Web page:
"To his Coy Mistress"
Had we but world enough, and time,
This coyness, lady, were no crime.
We would sit down and think which way
To walk, and pass our long love's day;
Thou by the Indian Ganges' side
Shouldst rubies find; I by the tide
Of Humber would complain. I would
Love you ten years before the Flood;
And you should, if you please, refuse
Till the conversion of the Jews.
My vegetable love should grow
Vaster than empires, and more slow.
An hundred years should go to praise
Thine eyes, and on thy forehead gaze;
Two hundred to adore each breast,
But thirty thousand to the rest;
An age at least to every part,
And the last age should show your heart.
For, lady, you deserve this state,
Nor would I love at lower rate.
But at my back I always hear
Time's winged chariot hurrying near;
And yonder all before us lie
Deserts of vast eternity.
Thy beauty shall no more be found,
Nor, in thy marble vault, shall sound
My echoing song; then worms shall try
That long preserv'd virginity,
And your quaint honour turn to dust,
And into ashes all my lust.
The grave's a fine and private place,
But none I think do there embrace.
Now therefore, while the youthful hue
Sits on thy skin like morning dew,
And while thy willing soul transpires
At every pore with instant fires,
Now let us sport us while we may;
And now, like am'rous birds of prey,
Rather at once our time devour,
Than languish in his slow-chapp'd power.
Let us roll all our strength, and all
Our sweetness, up into one ball;
And tear our pleasures with rough strife
Thorough the iron gates of life.
Thus, though we cannot make our sun
Stand still, yet we will make him run.
Having commented on Dreamer Idiot's Wordsworth post the other day that I find contemporary poetry easier to relate to ... here I am dipping back in time to the C17th! This is probably a poem you already know well, and much anthologised.
But this is my favourite of all favourites! I can't remember when I first encountered it, but I can remember suddenly needing to read it and driving all the way to Bangsar to rummage through the poetry books in Skoob to find it. I learned it off by heart, as I do with all the poetry I love.
I used it in the classroom too. I loved putting it in front of my Matriculation classes when I was in teacher-training. Quite naughtily, I wouldn't explain a thing about it, just tell the students to get into groups and work out for themselves what the poet is trying to say ... and I enjoyed the look on their faces when they got the message! (I loved teaching poetry as a subversive activity!)
I remember the whole class laughing one time when a student suddenly exclaimed "He's just trying to get into her pants!"
But that's more or less it, isn't it? A three hundred year old poem ... and we know exactly what's going on.
There was of course much debate in the classroom about how genuine the guy is. Does he really adore his girlfriend this much, or is he just using every trick in the book to get his leg over, so to speak? (I hate to tell you but , although I firmly believe the former, my Malaysian students were way more cynical than me and ... could justify their interpretation in the light of personal experience.)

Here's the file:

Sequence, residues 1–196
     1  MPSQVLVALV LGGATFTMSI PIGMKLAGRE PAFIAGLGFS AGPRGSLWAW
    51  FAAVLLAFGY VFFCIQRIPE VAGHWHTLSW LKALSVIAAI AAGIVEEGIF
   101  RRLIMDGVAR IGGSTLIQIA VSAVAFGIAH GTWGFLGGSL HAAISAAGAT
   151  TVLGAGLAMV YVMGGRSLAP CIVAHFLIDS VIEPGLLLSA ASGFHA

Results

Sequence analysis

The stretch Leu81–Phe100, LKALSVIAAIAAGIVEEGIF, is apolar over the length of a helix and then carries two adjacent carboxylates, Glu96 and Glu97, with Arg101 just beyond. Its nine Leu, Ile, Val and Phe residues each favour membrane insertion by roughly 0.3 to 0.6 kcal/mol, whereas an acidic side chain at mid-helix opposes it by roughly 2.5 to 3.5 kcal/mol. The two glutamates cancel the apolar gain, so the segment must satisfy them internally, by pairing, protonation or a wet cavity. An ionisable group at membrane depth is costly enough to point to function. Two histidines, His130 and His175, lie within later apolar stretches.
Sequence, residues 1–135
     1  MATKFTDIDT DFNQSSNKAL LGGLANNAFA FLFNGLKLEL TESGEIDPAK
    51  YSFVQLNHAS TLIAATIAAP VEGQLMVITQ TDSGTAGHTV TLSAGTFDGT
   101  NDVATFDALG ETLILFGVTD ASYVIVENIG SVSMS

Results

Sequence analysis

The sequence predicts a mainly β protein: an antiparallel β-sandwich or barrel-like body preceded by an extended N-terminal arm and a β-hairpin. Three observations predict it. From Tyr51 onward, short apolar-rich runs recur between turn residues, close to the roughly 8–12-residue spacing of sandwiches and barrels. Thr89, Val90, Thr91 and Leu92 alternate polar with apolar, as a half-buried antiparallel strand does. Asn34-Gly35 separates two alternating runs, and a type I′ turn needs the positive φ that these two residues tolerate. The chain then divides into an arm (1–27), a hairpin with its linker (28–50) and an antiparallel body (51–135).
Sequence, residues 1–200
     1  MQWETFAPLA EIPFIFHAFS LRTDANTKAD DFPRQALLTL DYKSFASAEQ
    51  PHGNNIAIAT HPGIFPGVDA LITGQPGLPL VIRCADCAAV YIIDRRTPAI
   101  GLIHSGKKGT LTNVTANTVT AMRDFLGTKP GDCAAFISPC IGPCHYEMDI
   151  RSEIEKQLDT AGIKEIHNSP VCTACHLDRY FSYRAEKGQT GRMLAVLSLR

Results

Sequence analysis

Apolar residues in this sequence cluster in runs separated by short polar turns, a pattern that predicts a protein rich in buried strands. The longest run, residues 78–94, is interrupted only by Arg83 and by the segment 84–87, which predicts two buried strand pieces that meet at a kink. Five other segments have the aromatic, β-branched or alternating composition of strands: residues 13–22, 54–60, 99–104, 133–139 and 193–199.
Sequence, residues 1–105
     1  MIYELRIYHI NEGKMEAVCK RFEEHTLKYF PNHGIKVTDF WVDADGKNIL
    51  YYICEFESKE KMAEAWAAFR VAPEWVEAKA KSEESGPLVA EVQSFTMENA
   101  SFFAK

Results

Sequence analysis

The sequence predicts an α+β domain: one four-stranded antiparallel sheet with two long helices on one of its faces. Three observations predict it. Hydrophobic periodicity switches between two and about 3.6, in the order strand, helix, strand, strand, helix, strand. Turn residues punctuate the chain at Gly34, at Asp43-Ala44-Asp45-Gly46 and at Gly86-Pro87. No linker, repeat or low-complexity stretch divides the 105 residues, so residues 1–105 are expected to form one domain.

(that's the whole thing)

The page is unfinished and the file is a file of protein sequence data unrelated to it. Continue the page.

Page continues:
The poem is a monologue of sorts, addressing a lady who is playing hard to get. I love the way the speaker builds his argument in the three stanzas (Marvell was a politician so one must assume used to penning persuasive speeches!) by following the proposition: If we had, but we don't, so then ...
Yes, yes, you deserve to be loved like this ...he says in the first, gently mocking his loved one even as he declares the extend of his love for her.
If we had enough time, he says, you could spend all day looking for rubies by the Ganges (which must have represented the height of exoticism at that time) while he would mooch around by the much duller Humber river (in the chilly North of England). Has his time scale for adoring her body parts. (Only 2,000 years for each breast in the face of eternity? I'd want them adoring for longer, I tell you!)
Then in the second stanza, he reminds her:
... but time's running out ...We are bound by our mortality. Our lives are but a tiny speck compared with "the deserts of vast eternity".
The speaker switches tactic:
... ... so what are you keeping your virginity for? the grave and the worms? ...My goodness, that image of the worms taking her virginity (especially after all the worshipping that's gone on before)! Clearly, he wants to shock his lady.
But, the argument is persuasive - common sense tells us that.
The pace of the poem quickens in the third stanza:
... okay then let's do it NOW! ...becomes as breathless as lovers in the heat of passion. Did ever a line of poetry describe lust better than "while thy willing soul transpires/At every pore with instant fires"? I love the image "tear our pleasures with rough strife/Thorough the iron gates of life".
The poem ends with the magnificent cry of triumph "though we cannot make our sun/ Stand still, yet we will make him run."
The poem is a pleasure to read aloud. I love the richness of the imagery. But I love it most because it strikes me as very very true - life is so brief and we must grasp whatever experiences we can.
But - let me be naughty here for a moment - just as I like to imagine Dorothy Wordsworth giving her brother a hard time, I imagine the lady receiving this letter, giving it a quick glance over and scrawling this reply to be delivered by next post:
Whether I submit or nay,
The worms will get me, anyway.